Rio Grande takes place after the Civil War when the Union turned their attention towards the Apaches. Union officer Kirby Yorke is in charge of an outpost on the Rio Grande in which he is in charge of training of new recruits one of which is his son whom he hasn't seen in 15 years. He whips him into shape to take on the Apaches but not before his mother shows up to take him out of there.The decision to leave is left up to Trooper Yorke who decides to stay and fight. Through it all Kirby and Kathleen though separated for years fall back into love and decide that it's time to give it another try. But Yorke faces his toughest battle when his unorthodox plan to outwit the elusive Apaches leads to possible court-martial. Locked in a bloody Indian war, he must fight to redeem his honor and save the love and lives of his broken family.Written by
Christopher D. Ryan <email@example.com>
Towards the beginning of the movie, when they are at the fort identifying the different "bands" of the dead Apaches lined up on the ground, several of them can be seen still breathing. See more »
Gen. Philip Sheridan:
I'm going to issue you an order and give it to you personally. I want you to cross the Rio Grande, hit the Apache and burn him out. I'm tired of hit-and-run. I'm sick of diplomatic hide-and-seek.
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Also available in a computer colorized version. See more »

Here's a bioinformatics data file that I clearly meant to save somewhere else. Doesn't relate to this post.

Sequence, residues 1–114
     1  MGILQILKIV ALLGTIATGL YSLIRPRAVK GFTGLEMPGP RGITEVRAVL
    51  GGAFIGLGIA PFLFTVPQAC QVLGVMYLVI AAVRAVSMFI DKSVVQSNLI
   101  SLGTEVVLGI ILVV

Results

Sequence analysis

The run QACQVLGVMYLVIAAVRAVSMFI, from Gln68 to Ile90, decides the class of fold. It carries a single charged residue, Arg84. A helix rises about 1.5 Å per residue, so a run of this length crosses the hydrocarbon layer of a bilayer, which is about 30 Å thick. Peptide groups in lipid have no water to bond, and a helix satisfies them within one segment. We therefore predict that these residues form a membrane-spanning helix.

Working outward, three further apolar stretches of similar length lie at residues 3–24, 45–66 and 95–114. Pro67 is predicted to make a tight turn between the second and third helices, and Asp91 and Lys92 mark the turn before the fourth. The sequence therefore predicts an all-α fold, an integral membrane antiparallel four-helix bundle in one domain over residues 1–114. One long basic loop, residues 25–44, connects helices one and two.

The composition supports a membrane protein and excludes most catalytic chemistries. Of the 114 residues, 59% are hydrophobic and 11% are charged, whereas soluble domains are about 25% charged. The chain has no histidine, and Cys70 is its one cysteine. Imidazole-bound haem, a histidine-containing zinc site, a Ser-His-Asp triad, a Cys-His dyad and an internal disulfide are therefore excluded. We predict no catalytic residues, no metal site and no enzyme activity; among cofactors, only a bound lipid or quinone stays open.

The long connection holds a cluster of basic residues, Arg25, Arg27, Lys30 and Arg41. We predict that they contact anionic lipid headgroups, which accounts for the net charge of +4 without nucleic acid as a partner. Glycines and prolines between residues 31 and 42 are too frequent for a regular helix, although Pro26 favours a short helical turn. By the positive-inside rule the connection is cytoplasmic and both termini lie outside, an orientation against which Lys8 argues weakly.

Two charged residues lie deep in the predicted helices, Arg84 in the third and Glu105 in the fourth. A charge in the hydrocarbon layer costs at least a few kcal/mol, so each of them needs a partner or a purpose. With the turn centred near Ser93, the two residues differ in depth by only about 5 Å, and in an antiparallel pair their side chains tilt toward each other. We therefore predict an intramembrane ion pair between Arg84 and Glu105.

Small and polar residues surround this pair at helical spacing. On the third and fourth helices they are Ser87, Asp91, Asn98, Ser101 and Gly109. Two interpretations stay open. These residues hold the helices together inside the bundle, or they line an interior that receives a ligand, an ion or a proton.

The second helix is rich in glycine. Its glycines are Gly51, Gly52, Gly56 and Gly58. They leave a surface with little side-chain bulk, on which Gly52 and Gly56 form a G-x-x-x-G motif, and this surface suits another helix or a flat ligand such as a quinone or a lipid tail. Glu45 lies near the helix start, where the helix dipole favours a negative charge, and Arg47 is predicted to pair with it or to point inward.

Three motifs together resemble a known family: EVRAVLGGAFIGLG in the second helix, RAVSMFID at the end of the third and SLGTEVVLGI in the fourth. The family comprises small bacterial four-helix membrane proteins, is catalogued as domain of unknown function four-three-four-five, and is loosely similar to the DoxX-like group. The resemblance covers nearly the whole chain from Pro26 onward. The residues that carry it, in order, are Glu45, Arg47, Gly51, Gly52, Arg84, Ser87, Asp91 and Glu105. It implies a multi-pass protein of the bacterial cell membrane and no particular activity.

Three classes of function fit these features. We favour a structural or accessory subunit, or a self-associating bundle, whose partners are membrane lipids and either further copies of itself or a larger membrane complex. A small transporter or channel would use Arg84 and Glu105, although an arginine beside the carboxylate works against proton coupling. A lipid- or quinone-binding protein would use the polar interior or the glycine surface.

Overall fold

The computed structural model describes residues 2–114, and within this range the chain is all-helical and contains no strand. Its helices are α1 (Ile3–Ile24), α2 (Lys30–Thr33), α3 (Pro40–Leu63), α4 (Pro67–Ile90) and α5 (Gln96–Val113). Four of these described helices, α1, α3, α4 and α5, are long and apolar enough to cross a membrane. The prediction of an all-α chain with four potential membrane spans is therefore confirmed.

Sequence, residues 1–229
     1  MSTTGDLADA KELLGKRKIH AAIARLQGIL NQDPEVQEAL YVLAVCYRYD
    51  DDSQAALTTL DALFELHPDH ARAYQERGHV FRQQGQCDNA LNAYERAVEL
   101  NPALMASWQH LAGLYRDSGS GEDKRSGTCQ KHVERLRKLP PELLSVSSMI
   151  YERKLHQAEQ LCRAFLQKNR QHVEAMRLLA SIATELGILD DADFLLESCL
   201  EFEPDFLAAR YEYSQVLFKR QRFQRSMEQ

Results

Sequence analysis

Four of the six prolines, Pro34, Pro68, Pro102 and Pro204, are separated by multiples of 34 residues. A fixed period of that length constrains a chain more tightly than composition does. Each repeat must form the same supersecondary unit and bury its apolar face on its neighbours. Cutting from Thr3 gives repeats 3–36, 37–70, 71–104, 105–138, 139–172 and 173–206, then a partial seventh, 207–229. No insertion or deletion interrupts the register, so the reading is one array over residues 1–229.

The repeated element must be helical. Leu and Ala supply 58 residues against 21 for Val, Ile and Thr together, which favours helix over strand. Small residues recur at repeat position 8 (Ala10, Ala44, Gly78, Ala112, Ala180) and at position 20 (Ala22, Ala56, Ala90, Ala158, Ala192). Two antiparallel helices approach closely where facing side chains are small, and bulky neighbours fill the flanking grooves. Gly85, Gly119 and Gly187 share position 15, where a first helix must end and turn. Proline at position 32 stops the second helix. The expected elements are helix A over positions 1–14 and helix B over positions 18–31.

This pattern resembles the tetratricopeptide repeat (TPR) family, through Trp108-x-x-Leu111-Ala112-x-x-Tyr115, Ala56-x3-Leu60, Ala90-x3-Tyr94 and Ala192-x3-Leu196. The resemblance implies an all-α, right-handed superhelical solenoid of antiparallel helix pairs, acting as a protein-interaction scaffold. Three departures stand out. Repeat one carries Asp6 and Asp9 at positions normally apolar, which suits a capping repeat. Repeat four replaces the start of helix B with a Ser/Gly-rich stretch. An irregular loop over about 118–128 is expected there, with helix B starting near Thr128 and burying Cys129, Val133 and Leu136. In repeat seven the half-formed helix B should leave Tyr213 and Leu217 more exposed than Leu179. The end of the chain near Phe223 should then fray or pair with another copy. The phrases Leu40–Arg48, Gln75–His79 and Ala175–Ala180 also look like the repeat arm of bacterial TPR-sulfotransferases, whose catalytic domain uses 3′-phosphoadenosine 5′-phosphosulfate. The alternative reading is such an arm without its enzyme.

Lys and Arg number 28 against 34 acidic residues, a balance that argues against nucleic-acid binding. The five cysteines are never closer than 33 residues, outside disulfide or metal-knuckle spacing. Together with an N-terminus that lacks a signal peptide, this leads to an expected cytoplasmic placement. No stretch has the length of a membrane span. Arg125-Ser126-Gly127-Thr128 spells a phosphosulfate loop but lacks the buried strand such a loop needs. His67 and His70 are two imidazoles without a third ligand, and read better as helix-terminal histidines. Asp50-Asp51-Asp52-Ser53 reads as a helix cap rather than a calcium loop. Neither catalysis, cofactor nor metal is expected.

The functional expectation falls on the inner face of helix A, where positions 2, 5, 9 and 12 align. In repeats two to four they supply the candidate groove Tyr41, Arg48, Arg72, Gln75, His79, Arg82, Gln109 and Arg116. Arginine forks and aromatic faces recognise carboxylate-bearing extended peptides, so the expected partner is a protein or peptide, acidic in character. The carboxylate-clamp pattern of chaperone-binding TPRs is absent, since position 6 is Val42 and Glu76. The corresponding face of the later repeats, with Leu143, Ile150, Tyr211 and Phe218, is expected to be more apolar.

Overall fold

Another fine cavalry film from John Ford and company...
For some reason, over the years I failed to see this particular John Ford western, thinking it was probably just another cavalry yarn and I'd seen so many of them I figured I'd let this one pass.
Wrong. It's now among my favorite John Ford westerns with both JOHN WAYNE and MAUREEN O'HARA giving really heartfelt performances as a husband and wife separated for some time, their only son (CLAUDE JARMAN, JR.) having just joined the regiment as a soldier under his father's command at an outpost being menaced by Apaches.
There's a jaunty, rollicking score by Victor Young that captures ballads of the Old West to provide some colorful background music, wonderful scenes of soldiers training under VICTOR McLAGLEN (at his crustiest and endearingly funny), BEN JOHNSON (wonderful as a man on the lam), and the breezily confident HARRY CAREY, JR. It's even got a story that has more than one theme running through it--the personal conflict between father and son, husband and wife, and how the young son (played extremely well by Claude Jarman, Jr.) has to prove himself to his fellow soldiers.
The final shootout occurs when the Apaches kidnap some children and hold them prisoners in a church. It sets the stage for the final encounter, just one of several skirmishes with the Indians that is masterfully staged and photographed.
Pictorially, it's one of the handsomest of all the John Ford epics and should definitely have been filmed in Technicolor, although the B&W photography is indeed impressive. MAUREEN O'HARA gives one of her most sensitive portrayals and JOHN WAYNE is at his best.
Summing up: A solid western well worth watching whether you're a John Ford fan or not.
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